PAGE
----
Senator Carpenter, Representative Bailey, and members of the Judiciary Committee,
My name is Karin Leuthy, I’m a founder of Suit Up Maine, and I’m here to speak about LD 1811. At this time, we are neither for or against it. While we are pleased that efforts are being made that recognize that the combination of people in crisis and guns is often deadly and deserving of legislative action, we have serious concerns about the process involved in crafting this bill and the impact that process is having on other bills before the legislature.
LD 1811 has merits:
- It allows for the temporary removal of firearms from people in crisis.
- It allows those who have had their weapons removed to receive a full party hearing within 14 days.
- It provides counsel if the person cannot afford it.
- It provides an opportunity for the court to mandate supportive health care.
- And it provides a year-long extension of the weapons removal should the person still be shown to be threat after 14 days.
All of these elements are being praised by leaders of the Sportsman’s Alliance of Maine and Gun Owners of Maine as important due process and constitutional protections. We agree; they are.
The point we would like to make here is that all of those same protections are also found in LD 1312, the “red flag” bill. In fact, we would argue that those protections are even stronger in LD 1312.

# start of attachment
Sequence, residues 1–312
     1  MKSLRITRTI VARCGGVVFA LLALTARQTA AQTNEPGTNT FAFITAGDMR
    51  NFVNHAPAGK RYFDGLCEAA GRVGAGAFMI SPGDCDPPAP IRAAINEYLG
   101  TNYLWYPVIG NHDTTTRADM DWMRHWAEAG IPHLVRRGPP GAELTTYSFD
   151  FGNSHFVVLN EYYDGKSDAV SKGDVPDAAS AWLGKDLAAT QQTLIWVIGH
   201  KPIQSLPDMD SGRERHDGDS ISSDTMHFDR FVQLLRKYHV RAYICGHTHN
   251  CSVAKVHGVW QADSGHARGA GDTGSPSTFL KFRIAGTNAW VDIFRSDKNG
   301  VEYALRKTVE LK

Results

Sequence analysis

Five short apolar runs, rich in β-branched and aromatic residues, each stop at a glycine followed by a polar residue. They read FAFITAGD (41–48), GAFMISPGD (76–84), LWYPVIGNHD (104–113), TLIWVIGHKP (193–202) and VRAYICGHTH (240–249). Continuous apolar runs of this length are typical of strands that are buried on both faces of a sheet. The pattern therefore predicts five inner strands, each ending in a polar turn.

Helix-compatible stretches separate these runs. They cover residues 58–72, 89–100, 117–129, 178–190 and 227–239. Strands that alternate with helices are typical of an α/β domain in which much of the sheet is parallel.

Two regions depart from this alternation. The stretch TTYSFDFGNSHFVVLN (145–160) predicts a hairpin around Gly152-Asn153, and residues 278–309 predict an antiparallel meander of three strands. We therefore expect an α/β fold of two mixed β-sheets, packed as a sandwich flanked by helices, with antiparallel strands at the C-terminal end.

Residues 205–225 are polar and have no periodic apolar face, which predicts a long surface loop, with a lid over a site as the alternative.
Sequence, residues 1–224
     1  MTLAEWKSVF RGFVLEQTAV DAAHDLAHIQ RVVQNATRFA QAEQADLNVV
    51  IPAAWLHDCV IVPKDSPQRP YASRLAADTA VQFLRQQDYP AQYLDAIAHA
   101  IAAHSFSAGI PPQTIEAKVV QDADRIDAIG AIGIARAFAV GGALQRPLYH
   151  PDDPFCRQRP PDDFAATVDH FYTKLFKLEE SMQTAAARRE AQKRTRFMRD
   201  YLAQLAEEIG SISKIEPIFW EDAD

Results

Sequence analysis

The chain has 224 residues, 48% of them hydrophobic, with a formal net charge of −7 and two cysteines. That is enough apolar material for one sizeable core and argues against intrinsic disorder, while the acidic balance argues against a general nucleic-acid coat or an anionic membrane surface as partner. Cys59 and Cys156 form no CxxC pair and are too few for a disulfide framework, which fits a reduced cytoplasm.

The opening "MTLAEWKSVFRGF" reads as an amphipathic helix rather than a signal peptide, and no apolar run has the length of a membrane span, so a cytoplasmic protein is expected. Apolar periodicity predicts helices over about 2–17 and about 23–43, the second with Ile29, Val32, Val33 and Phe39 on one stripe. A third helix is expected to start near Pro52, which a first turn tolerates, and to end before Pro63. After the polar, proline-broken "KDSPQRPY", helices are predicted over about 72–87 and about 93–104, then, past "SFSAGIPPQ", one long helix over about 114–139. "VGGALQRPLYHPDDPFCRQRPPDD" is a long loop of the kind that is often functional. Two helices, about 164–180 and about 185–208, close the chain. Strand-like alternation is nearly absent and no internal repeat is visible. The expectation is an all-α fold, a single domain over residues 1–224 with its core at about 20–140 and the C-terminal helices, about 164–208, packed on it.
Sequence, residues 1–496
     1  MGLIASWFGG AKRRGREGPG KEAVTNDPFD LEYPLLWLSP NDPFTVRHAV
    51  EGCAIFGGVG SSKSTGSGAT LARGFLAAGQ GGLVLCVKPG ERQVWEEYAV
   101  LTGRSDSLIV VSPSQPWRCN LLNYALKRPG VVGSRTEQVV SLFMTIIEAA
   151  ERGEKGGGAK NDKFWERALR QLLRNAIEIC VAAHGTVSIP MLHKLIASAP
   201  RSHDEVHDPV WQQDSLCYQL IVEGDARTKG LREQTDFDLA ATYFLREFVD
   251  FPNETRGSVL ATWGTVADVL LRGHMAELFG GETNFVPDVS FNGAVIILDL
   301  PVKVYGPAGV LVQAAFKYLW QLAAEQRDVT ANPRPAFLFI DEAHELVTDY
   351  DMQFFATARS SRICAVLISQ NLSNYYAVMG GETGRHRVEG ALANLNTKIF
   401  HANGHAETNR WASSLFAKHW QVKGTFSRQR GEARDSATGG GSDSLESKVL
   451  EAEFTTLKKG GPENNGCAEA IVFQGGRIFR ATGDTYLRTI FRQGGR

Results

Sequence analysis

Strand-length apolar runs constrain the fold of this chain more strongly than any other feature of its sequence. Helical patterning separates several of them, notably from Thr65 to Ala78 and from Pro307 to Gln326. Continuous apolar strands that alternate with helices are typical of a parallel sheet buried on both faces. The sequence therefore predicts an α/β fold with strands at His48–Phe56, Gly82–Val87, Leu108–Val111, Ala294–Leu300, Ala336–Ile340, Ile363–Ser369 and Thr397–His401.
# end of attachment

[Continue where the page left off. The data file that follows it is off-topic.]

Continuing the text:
In the red flag bill, evidence brought by household members or law enforcement officers is weighed by a neutral judge before any ERPO is authorized. In LD 1811, anyone can make a claim to a police officer that a person – household member or otherwise – poses a threat. There is no weighing of evidence by a neutral judge in this bill.
In the hearing for LD 1312, we heard dozens of people say that the “ex parte” element – where protective orders are issued without the subject of the order being present – was unfair. But how is it different in this bill? We don’t call it “ex parte” because there is no judicial hearing at the outset, but the result is exactly the same. The subject of the order still is not present when the decision is made to take the person into custody.
We also heard numerous complaints about the red flag bill overstepping boundaries by removing weapons when no crime has been committed. If gun owners had a problem with that aspect in LD 1312, why are they now satisfied with both people AND weapons being removed before a crime has been committed? We would argue that the red flag bill protects individual rights better, by offering a less restrictive response.
So if the red flag bill offers stronger due process and constitutional protections, what is going on here? Why are gun owners’ groups coming out so strongly in favor of this bill? Is it because they are interested in making a good faith effort to compromise on gun safety legislation? If so, why spend so much time telling gun owners that this bill is not a compromise (1)? Is it because they care about people with mental illness? If so, why not seek input from the medical and mental health community when writing it? And if it’s because they care about Maine’s higher than average suicide rate, why say publicly that the law is for those who are “coocoo for cocoa puffs” (2)?